I came to Weezer a little late for a man my age. I remember hearing all my junior high classmates raving about them and their first hit video "Buddy Holly," but I didn't care; Weezer was just an act back then.
About a year ago I fell in love with "Pinkerton," Weezer's second and greatest album. (pictured left) Every song on the album rocks so hard. The guitars are rough and the lyrics are simple on the surface and addictively catchy. Songs like "Tired of Sex," and "The Good Life" complement each other nicely; the former bemoans a full life of empty sex; the latter wonders when and how old age sat in.
Though all the songs on "Pinkerton" seriously rock, it's "El Scorcho" that takes the prize. Combining a resounding chant that loops in your head for hours with smashing drums and edgy guitars, the song speaks from the heart, and, most importantly, shouts out loud what every guy on Earth has thought to himself upon seeing his dream girl(s). And that's the amazing power of Weezer's songs quintessentially displayed in "El Scorcho:" the power to crystallize and shout out loud the things we fantasize about, the lines we wish could say to someone, and the feelings that we wrestle with when sleep won't come.
The chorus to "El Scorcho" is simple enough: "I'm a lot like you so please, hello, I'm here, I'm waiting. I think I'd be good for you, and you'd be good for me." Everyone who's ever had a crush on someone has thought those very words. The chorus speaks loudly and the song hammers home the point at 2:13 with: "How stupid is it, for all I know you want me to, but maybe you just don't know what to do, and maybe you're scared to say 'I'm fallin' for you'." I still think these things; these words make-up a universal daydream; these words address the perennial uncertainties that plague human relationships! Listen for yourself:
Along with "Pinkerton" I really enjoy the "Blue Album," mainly because at this stage in the game Weezer knew how to channel the thoughts echoing in our heads. With the "Green Album," and whatever else came after that (I don't care about the 'later weezer') the band lost more than their bassist, they lost touch with their own internal monologues- or at least didn't include it in songs. Maybe something inside Weezer's head fundamentally changed when they came to stardom. Maybe they lost the insecurities that made their music so special. Success changes people.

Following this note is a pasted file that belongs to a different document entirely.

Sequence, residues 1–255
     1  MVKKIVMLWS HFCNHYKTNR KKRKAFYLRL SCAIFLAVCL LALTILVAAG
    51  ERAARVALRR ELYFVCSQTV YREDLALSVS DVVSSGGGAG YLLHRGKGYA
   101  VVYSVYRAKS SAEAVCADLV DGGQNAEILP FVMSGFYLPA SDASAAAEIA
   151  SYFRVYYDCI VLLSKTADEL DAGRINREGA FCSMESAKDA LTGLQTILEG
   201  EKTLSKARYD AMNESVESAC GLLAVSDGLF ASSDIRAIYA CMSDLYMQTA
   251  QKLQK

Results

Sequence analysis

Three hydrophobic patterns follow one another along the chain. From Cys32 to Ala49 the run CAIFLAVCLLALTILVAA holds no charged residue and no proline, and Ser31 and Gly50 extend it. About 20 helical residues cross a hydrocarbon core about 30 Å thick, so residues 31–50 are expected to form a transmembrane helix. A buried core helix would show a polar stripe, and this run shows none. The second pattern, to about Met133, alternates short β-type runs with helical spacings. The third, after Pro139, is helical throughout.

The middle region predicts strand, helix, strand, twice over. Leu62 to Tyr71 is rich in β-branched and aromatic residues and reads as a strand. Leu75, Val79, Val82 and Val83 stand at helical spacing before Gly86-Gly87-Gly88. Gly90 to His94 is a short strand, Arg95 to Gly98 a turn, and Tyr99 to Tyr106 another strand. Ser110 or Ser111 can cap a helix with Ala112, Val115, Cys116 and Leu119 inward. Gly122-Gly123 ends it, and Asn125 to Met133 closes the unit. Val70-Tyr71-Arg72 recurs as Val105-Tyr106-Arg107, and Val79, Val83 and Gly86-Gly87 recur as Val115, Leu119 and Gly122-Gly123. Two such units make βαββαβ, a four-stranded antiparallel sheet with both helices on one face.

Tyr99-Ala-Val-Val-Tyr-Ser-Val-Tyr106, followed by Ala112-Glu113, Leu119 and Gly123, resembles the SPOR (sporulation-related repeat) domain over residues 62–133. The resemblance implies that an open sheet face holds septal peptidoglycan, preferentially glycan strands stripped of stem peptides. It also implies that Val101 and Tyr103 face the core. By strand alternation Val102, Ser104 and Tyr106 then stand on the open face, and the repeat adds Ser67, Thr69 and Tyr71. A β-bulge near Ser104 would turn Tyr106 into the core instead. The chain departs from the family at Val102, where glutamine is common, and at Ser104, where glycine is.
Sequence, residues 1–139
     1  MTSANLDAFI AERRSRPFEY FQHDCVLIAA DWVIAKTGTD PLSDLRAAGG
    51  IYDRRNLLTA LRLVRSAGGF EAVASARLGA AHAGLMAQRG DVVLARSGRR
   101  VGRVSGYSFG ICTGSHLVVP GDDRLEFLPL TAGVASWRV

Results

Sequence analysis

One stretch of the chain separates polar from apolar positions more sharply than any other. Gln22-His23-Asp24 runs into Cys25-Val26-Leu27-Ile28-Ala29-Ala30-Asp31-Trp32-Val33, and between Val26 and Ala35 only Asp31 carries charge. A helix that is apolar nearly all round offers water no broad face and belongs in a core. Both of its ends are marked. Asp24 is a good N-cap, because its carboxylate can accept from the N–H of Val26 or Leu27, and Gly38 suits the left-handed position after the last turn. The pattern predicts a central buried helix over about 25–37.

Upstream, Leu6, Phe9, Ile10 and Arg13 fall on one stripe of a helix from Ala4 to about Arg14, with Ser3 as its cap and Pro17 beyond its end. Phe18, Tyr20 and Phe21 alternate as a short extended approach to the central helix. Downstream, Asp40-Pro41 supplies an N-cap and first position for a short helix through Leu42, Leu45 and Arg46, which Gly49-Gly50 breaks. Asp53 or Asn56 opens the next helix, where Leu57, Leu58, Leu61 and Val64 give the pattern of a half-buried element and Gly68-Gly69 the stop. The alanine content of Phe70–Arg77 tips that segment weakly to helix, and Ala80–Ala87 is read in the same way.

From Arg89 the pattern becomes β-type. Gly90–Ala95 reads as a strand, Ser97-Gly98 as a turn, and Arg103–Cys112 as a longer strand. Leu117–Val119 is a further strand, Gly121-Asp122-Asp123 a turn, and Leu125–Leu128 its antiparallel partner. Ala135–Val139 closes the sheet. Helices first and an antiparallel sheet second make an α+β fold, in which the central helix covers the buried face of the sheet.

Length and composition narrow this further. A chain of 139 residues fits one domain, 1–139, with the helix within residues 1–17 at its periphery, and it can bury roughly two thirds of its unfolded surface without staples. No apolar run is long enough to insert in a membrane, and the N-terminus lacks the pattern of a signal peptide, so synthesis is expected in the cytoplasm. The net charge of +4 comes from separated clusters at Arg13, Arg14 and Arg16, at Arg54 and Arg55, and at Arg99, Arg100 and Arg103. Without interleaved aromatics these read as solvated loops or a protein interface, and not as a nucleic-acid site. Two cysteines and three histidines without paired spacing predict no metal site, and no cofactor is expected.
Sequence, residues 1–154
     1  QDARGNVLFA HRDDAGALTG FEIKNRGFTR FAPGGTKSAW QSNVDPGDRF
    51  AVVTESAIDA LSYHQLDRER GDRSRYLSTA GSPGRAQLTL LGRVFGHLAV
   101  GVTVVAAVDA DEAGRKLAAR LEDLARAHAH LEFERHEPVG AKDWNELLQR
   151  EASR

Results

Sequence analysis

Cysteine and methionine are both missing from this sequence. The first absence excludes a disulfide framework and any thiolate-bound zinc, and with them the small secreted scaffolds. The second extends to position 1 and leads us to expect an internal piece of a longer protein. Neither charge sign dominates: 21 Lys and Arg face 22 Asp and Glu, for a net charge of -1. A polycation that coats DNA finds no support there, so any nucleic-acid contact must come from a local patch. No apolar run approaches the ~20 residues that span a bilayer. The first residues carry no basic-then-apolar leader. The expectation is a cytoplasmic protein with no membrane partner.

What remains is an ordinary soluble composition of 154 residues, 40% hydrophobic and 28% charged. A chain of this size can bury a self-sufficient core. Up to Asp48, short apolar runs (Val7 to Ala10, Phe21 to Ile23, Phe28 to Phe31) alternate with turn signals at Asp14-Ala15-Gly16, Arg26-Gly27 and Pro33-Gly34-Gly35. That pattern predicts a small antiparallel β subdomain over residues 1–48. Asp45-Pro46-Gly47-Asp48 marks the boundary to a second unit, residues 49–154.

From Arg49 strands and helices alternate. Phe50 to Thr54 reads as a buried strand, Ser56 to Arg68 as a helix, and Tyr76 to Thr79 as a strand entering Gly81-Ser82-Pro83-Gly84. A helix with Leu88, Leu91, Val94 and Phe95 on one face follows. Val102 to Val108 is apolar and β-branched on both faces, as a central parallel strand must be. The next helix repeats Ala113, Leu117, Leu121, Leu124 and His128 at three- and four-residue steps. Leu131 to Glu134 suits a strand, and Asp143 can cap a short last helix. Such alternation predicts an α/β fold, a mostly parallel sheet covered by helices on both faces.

If my theory here is correct then I'm extremely pleased that Weezer's latest album, the "Red Album" bombed. What a disgraceful piece of work. I was listening to it on my iPod shuffle and thought I had downloaded the wrong album because I didn't have any cover art telling me "yes, the disgrace you're listening to is Weezer."
Even though 90% of the "Red Album" is extremely bad, the hit song "Pork and Beans" shines like a diamond in the rough. In "Pork in Beans" I hear the same magic at work that launched "El Scorcho." Back to their old selves, we hear Weezer yelling an anthem of freedom- or at least what they'd say if they had the guts:
"I'm gonna do the things that I wanna do, I ain't gotta thing to prove to you. I eat my candy with the pork and beans, excuse my manners if I make a scene. I ain't gonna wear the clothes that you like, I'm finally dandy with the me inside. One look in the mirror and I'm tickled pink, I don't give a hoot about what you think."
Now that's the Weezer that rocks! Weezer rocks because they shout out what we're all too afraid to say for ourselves. The music connects with our own fears, insecurities, and uncertainties and shouts them out into the open. When I sing along at the top of my lungs I'm actually shouting out my fears, insecurities, and uncertainties. It feels so good to yell all those thoughts out my head. It's a rush to say what you want how you want to, and Weezer helps makes this expression possible and supremely fun.
Sorry for the cruddy second video but all the real "Pork and Beans" video can't be embedded from YouTube. At least you can hear the song and read the lyrics.
Top: "Pinkerton" album cover features my favorite Japanese woodblock print (浮世栄) by Hiroshige (広重) called Kanbara (蒲原).